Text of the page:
Training in boxing for numerous years has made me accustom to warming up and using a jump rope for conditioning in training. I think I have used almost every type of rope imaginable from multi-coloured beaded ropes, leather, PVC rope to 2 to 5 pound weighted ropes and enjoyed learning foot work, doubles, triples, crossovers and 180 to 360 turns. There are many benefits to taking up jumping rope. It can be used as a very cheap and easy way to train the aerobic and anaerobic energy systems or as variety to spice up any training program as well as an activity for the enhancement of any sports or athletic program. I also use it in mid to late stages of healing and into a return to sports phases of rehab.
To elicit an aerobic training response with rope jumping you must maintain a consistence speed that holds your heart rate between 70 to 85 percent of your maximum heart rate – your maximum heart rate can be calculated by taking 220 and misusing your age i.e. if you were 30 years old you take 220 – 30 which gives you a maximum heart rate of 190 beats per minute in peak exertion.
However rope jumping has its best benefits in a power phase of training when the anaerobic system is being utilized. In this phase the greatest gains are capitalized on to peak competitive advantage in speed which is quickness over a sustained period of time, agility which is one’s ability to accelerate, decelerate and make quick changes in direction as balance, speed and control is maintained and in an athletic explosiveness.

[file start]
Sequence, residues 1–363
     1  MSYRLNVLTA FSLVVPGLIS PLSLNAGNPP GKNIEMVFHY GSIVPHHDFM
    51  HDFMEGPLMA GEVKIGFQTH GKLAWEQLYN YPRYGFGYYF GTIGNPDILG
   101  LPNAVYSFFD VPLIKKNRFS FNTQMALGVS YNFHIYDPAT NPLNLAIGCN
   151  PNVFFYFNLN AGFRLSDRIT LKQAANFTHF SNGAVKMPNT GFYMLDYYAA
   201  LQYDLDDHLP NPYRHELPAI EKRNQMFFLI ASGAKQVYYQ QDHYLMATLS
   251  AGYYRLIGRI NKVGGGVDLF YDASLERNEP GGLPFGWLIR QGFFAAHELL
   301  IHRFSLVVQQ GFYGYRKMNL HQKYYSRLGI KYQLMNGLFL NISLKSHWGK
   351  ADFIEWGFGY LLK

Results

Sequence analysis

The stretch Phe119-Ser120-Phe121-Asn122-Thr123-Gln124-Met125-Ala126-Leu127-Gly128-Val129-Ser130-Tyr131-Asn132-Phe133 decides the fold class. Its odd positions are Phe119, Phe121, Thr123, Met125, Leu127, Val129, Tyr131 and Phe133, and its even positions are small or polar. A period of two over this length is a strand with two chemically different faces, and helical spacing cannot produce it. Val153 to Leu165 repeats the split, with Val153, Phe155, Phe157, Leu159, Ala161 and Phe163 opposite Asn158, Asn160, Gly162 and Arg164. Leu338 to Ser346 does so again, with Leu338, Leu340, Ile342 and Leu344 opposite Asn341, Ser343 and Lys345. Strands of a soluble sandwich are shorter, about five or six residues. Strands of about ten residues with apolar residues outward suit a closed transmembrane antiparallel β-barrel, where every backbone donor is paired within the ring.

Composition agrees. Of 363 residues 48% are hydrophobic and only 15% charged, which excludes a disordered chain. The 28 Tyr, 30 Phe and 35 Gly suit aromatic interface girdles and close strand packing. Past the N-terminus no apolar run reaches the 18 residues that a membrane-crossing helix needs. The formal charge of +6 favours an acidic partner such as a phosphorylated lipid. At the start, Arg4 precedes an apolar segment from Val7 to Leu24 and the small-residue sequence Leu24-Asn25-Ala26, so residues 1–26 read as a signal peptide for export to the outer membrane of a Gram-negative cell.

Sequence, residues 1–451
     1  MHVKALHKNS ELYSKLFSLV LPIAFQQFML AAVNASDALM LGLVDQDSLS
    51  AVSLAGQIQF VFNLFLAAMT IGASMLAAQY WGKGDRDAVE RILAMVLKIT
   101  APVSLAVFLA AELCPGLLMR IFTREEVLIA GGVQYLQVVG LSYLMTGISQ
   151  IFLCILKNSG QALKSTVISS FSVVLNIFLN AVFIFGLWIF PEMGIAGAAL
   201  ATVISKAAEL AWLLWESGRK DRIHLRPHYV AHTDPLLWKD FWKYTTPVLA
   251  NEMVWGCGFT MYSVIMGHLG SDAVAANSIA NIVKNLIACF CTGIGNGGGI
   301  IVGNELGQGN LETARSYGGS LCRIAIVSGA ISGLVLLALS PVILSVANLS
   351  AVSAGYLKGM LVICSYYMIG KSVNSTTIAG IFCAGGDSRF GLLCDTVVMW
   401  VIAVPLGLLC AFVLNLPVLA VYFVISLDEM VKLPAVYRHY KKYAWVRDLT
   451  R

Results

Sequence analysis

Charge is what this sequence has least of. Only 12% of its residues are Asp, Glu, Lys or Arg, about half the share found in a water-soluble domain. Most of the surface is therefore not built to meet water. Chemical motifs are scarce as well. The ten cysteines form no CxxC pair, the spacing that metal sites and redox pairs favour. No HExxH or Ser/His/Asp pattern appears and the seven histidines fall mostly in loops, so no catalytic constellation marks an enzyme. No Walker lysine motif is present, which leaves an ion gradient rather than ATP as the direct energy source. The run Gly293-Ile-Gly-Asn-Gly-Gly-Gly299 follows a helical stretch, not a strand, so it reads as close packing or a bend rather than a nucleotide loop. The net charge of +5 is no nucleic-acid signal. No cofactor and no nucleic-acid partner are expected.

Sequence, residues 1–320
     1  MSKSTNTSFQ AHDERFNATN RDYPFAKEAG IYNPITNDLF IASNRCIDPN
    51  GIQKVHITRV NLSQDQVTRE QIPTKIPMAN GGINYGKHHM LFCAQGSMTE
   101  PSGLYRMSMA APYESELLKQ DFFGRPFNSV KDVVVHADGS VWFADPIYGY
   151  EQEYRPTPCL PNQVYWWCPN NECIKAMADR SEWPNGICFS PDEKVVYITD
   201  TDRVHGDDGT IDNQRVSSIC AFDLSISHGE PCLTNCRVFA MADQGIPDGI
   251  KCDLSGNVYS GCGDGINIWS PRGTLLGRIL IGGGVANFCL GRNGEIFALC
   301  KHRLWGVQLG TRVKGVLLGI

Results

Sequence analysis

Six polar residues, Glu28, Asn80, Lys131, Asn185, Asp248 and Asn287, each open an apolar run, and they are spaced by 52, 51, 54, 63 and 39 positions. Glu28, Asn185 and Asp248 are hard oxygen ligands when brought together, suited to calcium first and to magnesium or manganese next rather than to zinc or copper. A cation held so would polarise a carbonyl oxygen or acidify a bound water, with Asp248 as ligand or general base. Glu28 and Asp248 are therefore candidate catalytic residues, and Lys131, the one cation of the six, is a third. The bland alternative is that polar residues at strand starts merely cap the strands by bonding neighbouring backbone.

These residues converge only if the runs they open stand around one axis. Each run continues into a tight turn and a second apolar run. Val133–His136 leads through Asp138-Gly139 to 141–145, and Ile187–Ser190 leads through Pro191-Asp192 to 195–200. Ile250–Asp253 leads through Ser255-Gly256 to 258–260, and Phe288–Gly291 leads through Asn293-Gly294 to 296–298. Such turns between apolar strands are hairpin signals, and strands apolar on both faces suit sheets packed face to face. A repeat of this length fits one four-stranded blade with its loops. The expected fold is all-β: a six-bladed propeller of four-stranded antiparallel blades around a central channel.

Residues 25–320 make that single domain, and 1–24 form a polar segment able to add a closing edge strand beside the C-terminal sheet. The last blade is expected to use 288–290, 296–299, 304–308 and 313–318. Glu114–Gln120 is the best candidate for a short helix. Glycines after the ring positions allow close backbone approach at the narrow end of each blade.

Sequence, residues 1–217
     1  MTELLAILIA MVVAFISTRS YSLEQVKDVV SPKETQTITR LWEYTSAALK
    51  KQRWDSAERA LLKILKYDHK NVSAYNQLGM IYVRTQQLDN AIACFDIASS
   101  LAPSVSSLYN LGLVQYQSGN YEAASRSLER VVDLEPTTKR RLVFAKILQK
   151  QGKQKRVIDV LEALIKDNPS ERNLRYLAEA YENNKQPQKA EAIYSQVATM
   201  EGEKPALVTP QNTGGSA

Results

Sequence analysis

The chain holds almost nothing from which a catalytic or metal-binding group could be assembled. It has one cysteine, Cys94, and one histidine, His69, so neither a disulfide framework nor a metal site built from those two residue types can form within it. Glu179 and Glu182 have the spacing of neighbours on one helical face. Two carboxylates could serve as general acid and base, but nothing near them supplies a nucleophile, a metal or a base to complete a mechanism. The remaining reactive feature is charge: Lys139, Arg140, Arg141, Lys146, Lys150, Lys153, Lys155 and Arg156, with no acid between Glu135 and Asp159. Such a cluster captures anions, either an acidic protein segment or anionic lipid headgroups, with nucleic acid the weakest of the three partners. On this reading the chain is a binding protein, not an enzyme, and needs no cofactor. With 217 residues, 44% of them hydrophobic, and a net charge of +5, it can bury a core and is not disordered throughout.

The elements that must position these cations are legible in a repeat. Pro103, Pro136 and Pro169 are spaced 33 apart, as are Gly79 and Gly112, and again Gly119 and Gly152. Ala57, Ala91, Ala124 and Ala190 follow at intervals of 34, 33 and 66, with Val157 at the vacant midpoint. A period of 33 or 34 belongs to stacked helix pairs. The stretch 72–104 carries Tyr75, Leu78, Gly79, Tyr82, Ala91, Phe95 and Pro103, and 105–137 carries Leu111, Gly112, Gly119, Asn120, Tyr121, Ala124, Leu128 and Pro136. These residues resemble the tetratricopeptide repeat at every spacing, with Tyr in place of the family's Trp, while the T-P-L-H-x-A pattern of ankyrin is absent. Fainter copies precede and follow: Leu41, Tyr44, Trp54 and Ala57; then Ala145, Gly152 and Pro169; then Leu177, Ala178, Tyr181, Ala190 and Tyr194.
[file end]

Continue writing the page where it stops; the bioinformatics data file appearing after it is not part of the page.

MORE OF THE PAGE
The best surface to jump rope on is a hard non-slip surface. Soft surfaces provide more give but require more energy to push off which slows down the speed and momentum much like running in sand does. This will increase muscular endurance and strength but does not capitalize the plyomentric effect of speed rope work. This works by using gravity to store potential energy in the muscles which immediately turn this stored energy into kinetic energy.
But what rope is best? Just as with choosing any other exercise equipment quality and material matter. Jump rope made from leather have been around for 90 years but waste energy on turning the rope and the rope is not adjustable making one have to turn the rope in wide circles if to big or hunch over if the rope is to short promoting poor posture and injury. Thick cord, beaded, heavy, cotton or nylon ropes are made from slow turning materials and slow the speed of each turn create drag therefore no matter how fast you try and turn the rope the rope will not turn fast enough to benefit hand and foot speed needed in sports. A speed rope like a hyperformance swivel ball bearing rope will help develop and produce lightning fast reflexes.
An easy guide to measuring your rope to ensure it is the right height for you is to stand on the center of the rope with one foot and pull the two handles to measure up with the armpit. A more experienced jumper can use a shorter rope, one that extends from the foot to the upper chest.
Book; Jump Rope Training techniques and programs for improved fitness and performance by Buddy Lee
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osteopathy (current study) & Certified Athletic Therapist, Keynote & Professional Speaker